01 Jun 2011:
Climate Link to Cholera
Affirmed in New Study in Africa
A study of cholera outbreaks in Zanzibar from 1999 to 2008 has found that moderate increases in ocean temperatures and rainfall can increase the likelihood of cholera epidemics.
The study, published in the American Journal of Tropical Medicine and Hygiene,
found that a sea surface temperature increase of 1 degree C can lead to a doubling of cholera cases over four months and that moderate increases in rainfall can increase the incidence of cholera cases by 1.6 times. The study said a key reason for the spread of cholera outbreaks is that as ocean temperatures rise, copepods — sea organisms that carry the cholera bacteria — proliferate. Heavier rains also facilitate the spread of cholera by increasing the likelihood that cholera-contaminated seawater will spread inland to towns and villages. The study’s lead author, Mohammed Ali of the International Vaccine Institute in Seoul, Korea, said that governments could use these environmental cues to step up vaccination efforts in cholera-prone areas. A growing number of scientists contend that cholera outbreaks are related to climate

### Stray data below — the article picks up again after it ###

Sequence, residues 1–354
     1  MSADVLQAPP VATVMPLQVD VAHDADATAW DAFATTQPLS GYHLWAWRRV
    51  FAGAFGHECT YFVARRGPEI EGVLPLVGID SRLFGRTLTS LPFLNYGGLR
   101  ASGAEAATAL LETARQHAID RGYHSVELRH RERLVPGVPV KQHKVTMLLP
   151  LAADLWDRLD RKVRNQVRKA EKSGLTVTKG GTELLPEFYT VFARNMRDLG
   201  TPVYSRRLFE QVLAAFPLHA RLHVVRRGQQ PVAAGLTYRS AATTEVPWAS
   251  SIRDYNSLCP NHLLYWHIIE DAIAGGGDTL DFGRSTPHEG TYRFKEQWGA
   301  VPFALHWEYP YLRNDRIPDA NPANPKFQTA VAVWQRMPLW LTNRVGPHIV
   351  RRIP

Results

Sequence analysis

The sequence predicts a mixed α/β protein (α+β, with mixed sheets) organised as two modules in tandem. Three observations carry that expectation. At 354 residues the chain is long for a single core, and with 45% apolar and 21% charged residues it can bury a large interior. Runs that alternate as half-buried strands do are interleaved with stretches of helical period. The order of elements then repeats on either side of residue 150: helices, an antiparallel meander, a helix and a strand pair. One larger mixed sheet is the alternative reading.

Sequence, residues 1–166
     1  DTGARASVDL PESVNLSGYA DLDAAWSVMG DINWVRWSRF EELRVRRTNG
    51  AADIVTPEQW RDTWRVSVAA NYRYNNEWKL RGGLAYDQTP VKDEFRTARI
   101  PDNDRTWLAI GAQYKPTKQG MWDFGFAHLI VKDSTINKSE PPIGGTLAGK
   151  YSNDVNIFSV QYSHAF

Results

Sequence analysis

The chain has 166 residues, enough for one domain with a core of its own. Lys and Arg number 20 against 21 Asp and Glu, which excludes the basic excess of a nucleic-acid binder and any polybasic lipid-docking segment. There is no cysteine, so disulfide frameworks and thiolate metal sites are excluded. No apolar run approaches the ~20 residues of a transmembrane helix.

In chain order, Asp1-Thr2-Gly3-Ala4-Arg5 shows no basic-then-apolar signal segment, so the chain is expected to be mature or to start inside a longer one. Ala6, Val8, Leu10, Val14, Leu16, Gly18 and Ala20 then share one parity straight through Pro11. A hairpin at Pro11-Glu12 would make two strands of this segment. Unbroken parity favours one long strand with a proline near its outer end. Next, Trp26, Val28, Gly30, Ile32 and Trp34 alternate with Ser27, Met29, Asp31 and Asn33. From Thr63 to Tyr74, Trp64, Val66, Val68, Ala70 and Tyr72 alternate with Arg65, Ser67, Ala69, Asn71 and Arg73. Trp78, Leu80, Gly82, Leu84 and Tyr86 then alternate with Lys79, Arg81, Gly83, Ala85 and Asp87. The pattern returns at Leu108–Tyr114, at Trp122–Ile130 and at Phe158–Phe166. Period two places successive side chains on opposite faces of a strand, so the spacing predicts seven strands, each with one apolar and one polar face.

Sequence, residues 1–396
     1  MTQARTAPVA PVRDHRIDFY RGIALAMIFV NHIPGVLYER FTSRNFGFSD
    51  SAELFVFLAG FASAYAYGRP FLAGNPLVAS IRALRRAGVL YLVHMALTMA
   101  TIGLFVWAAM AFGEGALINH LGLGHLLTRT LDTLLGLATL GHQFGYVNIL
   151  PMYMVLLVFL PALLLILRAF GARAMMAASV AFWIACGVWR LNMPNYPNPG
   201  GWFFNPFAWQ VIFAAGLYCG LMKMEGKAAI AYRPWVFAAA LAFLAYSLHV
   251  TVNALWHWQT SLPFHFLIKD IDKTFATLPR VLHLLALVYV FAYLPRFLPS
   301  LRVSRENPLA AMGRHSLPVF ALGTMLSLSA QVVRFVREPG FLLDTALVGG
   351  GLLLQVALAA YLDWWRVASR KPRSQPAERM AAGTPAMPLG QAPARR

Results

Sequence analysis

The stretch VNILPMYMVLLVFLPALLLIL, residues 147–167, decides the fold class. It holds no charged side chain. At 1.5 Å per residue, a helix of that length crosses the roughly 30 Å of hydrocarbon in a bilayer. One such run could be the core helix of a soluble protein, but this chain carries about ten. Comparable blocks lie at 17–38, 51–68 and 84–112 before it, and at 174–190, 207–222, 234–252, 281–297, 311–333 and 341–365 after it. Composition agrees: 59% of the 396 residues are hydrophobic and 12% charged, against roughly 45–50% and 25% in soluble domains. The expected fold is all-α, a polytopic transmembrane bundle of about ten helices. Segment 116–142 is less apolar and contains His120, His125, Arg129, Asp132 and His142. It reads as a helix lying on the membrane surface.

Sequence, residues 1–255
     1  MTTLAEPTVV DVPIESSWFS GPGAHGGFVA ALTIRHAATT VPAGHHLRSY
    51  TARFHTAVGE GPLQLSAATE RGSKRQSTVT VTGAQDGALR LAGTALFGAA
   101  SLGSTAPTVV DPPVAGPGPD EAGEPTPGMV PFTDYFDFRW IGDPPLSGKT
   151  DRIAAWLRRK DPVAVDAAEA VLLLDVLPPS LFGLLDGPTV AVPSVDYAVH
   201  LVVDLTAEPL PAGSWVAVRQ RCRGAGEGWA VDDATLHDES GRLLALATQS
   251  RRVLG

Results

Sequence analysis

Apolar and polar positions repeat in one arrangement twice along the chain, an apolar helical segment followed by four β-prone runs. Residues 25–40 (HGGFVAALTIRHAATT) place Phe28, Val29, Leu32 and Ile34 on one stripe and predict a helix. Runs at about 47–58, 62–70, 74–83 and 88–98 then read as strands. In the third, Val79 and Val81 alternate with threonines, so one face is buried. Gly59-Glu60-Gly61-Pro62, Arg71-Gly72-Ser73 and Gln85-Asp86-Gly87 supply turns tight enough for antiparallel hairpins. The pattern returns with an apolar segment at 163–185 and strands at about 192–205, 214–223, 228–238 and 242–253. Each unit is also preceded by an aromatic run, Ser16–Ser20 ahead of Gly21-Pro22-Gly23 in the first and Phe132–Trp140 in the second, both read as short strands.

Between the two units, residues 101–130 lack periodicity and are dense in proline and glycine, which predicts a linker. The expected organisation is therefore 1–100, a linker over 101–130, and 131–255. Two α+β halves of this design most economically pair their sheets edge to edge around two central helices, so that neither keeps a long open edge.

and that rising air and ocean temperatures will lead to increased outbreaks of the deadly disease, which sickened more than 220,000 people in 2009.
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Tribal people and ranchers join together to stop a project that would haul coal across their Montana land. Watch the video.
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The 2015 Yale e360 Video Contest winner documents a Northeastern town's bitter battle over a wind farm. Watch the video.
A 2015 Yale e360 Video Contest winner captures stunning images of wild salmon runs in Alaska. Watch the video.
video series looks at the staggering amount of food wasted in the U.S. – a problem with major human and environmental costs. Watch the video.
video goes onto the front lines with Colorado firefighters confronting deadly blazes fueled by a hotter, drier climate. Watch the video.
A three-part series Tainted Harvest
looks at the soil pollution crisis in China, the threat it poses to the food supply, and the complexity of any cleanup. Read the series.